Of course, writers operate under severe constrains and limitations of their own, and Auden goes on to list four reasons why the writing life is especially difficult in the modern era. One is the loss of the belief that the universe is eternal, which undermines the notion that art is meant to be enduring; another is our doubt in the existence of objective phenomena, which destroys the conception of art as an accurate representation of reality; and the third is our fear that our culture will fail to last long enough for our work to be appreciated or understood after we’re gone. (Auden speaks here with an echo of science fiction: “Technology, with its ever accelerating transformation of man’s way of living, has made it impossible for us to imagine what life will be like even twenty years from now.”) But it’s his fourth reason that interests me the most. Auden calls it “the disappearance of the Public Realm as the sphere of revelatory personal deeds,” which he characterizes as a reversal of the assumptions of the ancient world:

To the Greeks the Private Realm was the sphere of life ruled by the necessity of sustaining life, and the Public Realm the sphere of freedom where a man could disclose himself to others. Today, the significance of the terms private and public has been reversed; public life is the necessary impersonal life, the place where a man fulfills his social function, and it is in his private life that he is free to be his personal self.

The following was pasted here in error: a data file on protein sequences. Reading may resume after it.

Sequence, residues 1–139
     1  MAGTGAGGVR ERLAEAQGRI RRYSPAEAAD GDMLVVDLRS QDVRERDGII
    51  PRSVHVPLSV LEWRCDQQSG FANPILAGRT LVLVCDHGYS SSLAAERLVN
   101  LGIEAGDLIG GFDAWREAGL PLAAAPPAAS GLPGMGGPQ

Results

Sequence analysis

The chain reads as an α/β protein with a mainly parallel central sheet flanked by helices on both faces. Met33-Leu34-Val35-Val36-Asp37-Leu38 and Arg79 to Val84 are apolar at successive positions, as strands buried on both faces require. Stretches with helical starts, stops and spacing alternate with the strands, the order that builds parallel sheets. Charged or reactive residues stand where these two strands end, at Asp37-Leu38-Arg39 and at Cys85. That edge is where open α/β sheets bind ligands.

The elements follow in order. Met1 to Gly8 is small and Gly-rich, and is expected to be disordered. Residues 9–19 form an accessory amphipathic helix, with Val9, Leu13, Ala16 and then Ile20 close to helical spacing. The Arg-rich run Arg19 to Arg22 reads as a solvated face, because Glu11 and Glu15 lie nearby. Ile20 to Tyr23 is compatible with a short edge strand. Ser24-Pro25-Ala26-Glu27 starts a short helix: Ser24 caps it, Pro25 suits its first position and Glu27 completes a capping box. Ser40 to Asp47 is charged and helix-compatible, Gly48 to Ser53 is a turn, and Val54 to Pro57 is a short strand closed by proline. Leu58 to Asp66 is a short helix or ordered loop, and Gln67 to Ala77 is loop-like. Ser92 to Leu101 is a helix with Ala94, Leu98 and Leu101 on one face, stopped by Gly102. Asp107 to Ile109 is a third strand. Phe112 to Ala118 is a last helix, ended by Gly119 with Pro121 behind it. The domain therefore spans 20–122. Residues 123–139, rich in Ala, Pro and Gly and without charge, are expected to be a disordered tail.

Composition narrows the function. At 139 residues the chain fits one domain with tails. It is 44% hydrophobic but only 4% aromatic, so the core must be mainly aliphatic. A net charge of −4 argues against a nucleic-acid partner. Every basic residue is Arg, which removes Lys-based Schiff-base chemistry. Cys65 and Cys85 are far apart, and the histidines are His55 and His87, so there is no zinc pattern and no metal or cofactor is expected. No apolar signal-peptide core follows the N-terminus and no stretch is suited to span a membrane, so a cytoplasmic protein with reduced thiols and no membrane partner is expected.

And Auden adds darkly: “In consequence the arts, literature in particular, have lost their traditional principal human subject, the man of action, the doer of public deeds.”

At first, this might seem like an overstatement, but Auden makes a convincing case. He begins by returning to the specter of technology, which looms menacingly over the entire lecture:

The advent of the machine has destroyed the direct relation between a man’s intention and his deed. If St. George meets the dragon face to face and plunges a spear into its heart, he may legitimately say “I slew the dragon,” but, if he drops a bomb on the dragon from an altitude of twenty thousand feet, though his intention—to slay it—is the same, his act consists in pressing a lever and it is the bomb, not St. George, that does the killing.

The same holds true of the public works and monuments of the past. If Pharaoh orders that the fens be drained, it’s a measure of his power over human beings that he can get ten thousand subjects to do his bidding. Today, the same project could be accomplished in six months by “a hundred men with bulldozers,” reducing it to nothing more than a feat of civil engineering, with most of the work performed by machines that aren’t motivated by loyalty or fear. (Auden notes with some alarm: “It is now possible to imagine a world in which the only human work on such projects will be done by a mere handful of persons who operate computers.”) And his next observation is the one that resonates the most: “It is extremely difficult today to use public figures as themes for poetry because the good or evil they do depends less upon their characters and intentions than upon the quantity of impersonal force at their disposal.”